Seychelles to Colombo, Sri Lanka




Seychelles to Colombo, Sri Lanka

After two days of exploring Mahe Island, I am thoroughly impressed with the incredible natural beauty of the island. The granite walls, studded with palm trees, with peaks into the clouds are visible at every turn. The beaches are from fairy tales, and the water colors are amazing. The granite boulders in the surf are smooth and easy to climb on, and make a nice place for a nap in the sun. I do have a little sunburn.

I have been watching the storm south of the Seychelles on satellite, and listening to the rain pour off my roof. I wake up for my flight, no sound of rain, and a check of the satellite shows two arms of the tropic cyclone, with Mahe in the clear between. Lucky me.


I planned on a 0600 local departure, and go the airport, taking off with a nearly full load of fuel for Colombo. The air traffic controller there, Colin, came to say goodbye and see me off, which was very nice.

After takeoff, I am looking south and east at really bad weather, but it looks clear ahead, I spend about 3 minutes in the clouds. I have a headwind of about 15 knots, so it is slow going. I have had trouble with the HF on my last flight, and confirm my worst fears, that it doesn’t work. I use my Iridium phone to call reports in to Seychelles control, then ask for the phone number for Male control in the Maldives. I call them with reports, and it works pretty well. It was sort of funny, as well. I’d call, they would say “Hello,”

I would reply “Hi, N30EW with position report” “OK, go ahead” “Position X time Y, next Z” OK, Thanks” “Bye Bye’ “Bye.”   Strange amalgam of radio and telephone, but it worked. I realize I have been lucky using the phone, it is likely I would be held back with a negative HF check on these kinds of over water distances. I make some calls to try to set up repairs in Singapore, and hope I can make it there. The HF is one of a few things I have no back up for, unless the phone counts.


Chain of atolls

Uninhabited atoll

"Improved atoll"


Later I see the first atolls of the Maldives, and am awed by the spectacle of colors and islands stretching off to the horizon. I fly over Male, which has an island airport, with the island nearby communicating by ferry and water taxi. I was interested in going to the Maldives, but avgas is taboo, no leaded fuels allowed in the Maldives. I want a picture of Male, but it is hard to take pictures of points directly below while on an IFR flight plan. I sort of manage.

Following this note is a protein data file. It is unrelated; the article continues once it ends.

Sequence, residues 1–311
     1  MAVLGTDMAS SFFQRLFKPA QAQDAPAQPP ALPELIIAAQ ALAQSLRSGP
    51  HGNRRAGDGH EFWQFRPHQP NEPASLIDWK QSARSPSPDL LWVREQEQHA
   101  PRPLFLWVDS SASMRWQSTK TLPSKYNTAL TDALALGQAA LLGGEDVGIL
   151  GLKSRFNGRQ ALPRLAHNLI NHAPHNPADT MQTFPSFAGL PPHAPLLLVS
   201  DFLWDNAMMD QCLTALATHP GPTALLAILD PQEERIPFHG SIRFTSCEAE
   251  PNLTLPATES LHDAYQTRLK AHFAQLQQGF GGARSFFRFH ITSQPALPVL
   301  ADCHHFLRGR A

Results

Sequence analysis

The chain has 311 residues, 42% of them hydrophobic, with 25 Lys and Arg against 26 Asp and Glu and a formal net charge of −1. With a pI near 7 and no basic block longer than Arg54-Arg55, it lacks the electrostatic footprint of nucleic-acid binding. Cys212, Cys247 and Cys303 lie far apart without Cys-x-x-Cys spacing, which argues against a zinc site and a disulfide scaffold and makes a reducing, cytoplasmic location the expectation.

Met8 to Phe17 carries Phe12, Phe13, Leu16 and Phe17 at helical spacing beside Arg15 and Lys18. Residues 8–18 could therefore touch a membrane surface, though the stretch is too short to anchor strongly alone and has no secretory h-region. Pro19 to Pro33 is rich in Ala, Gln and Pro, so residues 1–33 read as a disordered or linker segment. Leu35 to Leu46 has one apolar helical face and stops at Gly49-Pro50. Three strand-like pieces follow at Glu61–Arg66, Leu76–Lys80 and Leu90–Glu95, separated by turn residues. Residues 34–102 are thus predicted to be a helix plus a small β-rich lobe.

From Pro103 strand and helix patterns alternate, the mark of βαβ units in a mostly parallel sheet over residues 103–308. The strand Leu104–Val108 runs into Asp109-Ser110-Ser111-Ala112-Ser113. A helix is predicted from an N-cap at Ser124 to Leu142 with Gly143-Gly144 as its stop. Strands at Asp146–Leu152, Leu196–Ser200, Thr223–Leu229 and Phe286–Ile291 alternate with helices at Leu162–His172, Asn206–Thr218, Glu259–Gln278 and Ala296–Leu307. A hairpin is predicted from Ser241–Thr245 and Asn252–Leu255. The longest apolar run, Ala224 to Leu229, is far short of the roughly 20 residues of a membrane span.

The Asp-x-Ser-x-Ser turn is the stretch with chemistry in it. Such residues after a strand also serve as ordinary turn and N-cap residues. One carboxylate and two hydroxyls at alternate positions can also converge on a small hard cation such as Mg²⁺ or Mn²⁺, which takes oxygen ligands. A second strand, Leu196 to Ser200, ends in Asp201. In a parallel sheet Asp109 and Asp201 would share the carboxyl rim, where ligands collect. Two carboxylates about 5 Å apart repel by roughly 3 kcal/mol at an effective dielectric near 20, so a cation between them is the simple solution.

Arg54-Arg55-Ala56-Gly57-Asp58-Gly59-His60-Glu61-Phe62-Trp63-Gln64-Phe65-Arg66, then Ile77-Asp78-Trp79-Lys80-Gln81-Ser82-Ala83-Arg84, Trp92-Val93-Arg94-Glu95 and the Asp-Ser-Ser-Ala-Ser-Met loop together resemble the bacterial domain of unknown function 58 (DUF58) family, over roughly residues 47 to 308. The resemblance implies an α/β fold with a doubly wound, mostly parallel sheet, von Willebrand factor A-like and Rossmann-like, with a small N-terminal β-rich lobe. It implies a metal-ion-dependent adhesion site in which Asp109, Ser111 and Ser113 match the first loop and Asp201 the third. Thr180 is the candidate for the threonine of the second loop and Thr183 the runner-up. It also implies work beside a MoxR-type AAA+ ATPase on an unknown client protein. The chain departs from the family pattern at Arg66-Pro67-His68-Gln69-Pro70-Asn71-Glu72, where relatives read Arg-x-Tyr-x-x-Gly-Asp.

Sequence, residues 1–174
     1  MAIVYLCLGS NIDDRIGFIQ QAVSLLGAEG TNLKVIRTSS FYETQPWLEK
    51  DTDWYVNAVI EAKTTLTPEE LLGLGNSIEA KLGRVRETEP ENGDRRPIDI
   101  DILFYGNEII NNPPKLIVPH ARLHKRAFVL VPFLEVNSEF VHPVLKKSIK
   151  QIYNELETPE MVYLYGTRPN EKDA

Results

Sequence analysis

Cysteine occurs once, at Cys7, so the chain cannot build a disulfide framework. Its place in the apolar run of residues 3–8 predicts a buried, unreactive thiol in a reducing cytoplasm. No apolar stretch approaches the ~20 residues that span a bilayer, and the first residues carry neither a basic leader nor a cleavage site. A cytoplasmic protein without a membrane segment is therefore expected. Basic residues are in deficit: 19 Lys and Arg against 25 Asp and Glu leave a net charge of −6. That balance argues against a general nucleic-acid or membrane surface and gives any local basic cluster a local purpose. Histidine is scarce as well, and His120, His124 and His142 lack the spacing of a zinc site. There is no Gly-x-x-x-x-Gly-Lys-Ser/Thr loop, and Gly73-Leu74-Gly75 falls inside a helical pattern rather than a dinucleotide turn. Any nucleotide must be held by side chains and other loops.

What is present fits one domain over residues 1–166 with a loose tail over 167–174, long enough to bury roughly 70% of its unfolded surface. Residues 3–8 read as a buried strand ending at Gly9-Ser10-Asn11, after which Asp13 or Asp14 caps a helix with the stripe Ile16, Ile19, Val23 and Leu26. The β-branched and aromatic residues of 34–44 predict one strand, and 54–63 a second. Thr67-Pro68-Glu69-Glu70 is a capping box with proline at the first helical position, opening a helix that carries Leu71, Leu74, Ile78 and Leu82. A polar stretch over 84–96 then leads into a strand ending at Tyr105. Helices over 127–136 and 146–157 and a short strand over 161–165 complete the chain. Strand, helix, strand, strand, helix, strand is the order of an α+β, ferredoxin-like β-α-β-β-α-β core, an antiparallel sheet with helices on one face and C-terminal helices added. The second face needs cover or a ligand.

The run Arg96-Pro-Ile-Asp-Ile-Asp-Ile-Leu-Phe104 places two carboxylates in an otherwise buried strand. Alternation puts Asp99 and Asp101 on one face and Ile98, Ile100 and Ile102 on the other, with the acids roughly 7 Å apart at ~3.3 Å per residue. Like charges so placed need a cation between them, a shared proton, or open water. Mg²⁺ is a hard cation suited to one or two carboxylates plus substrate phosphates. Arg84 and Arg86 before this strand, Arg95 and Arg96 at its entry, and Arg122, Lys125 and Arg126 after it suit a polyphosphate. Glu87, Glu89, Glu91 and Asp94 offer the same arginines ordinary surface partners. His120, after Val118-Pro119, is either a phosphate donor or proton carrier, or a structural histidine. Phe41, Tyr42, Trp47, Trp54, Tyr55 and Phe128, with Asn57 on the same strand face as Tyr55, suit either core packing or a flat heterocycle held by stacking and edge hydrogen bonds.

Male Airport- the only thing on the island. People live on next island over.


Soon the Maldives are behind, and the sun is getting lower, my ETA is 20 minutes after sunset. I have been listening to the radio to see what types of approaches are handed out and what pilots request. Each area I have been to has very different ways of accomplishing common goals, different language and ways of using instrument approaches. One guy asks for direct to 6 DME final for ILS 04, and it seems like a good plan. The setting sun and haze make visibility nil ahead, but I roll out onto the pretty pink final course, and see the ILS lights ahead. Easy landing after 10:40, but I have only seen about an acre of Sri Lanka. The tower directs me to parking, where I am met by my handlers. We chock the plane, call for the gas truck, and I start pulling off the rear bulkhead, behind which lies the HF amplifier and antenna tuner. I am quite lucky, the problem is obvious. The amplifier cable has broken where it attaches to the bottom of the antenna. Seeing is easier than getting at, but after some contortions, and the help of the handlers on the outside giving me tools, I get the lead reattached with figures of eight of some spare wire, a little duct tape, and a wrench. I check it on the ground, I can hear people, but no reply. The gas truck arrives with two barrels of 100LL, we open them, and fuel up. I take two barrels (only unit available is “a barrel”), 100 gallons total, added to my 95 remaining. I reassemble the plane, and go to the terminal to pay.for gas. I’m off to my hotel, I have chosen one far from the airport, but am rewarded with an excellent Indian dinner in my room. The adrenaline from the flight wears off, and I am really tired, off to sleep about midnight.


Storm south of Colombo



Sunset over the Indian Ocean- still headed east



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Last Updated: January 8, 2006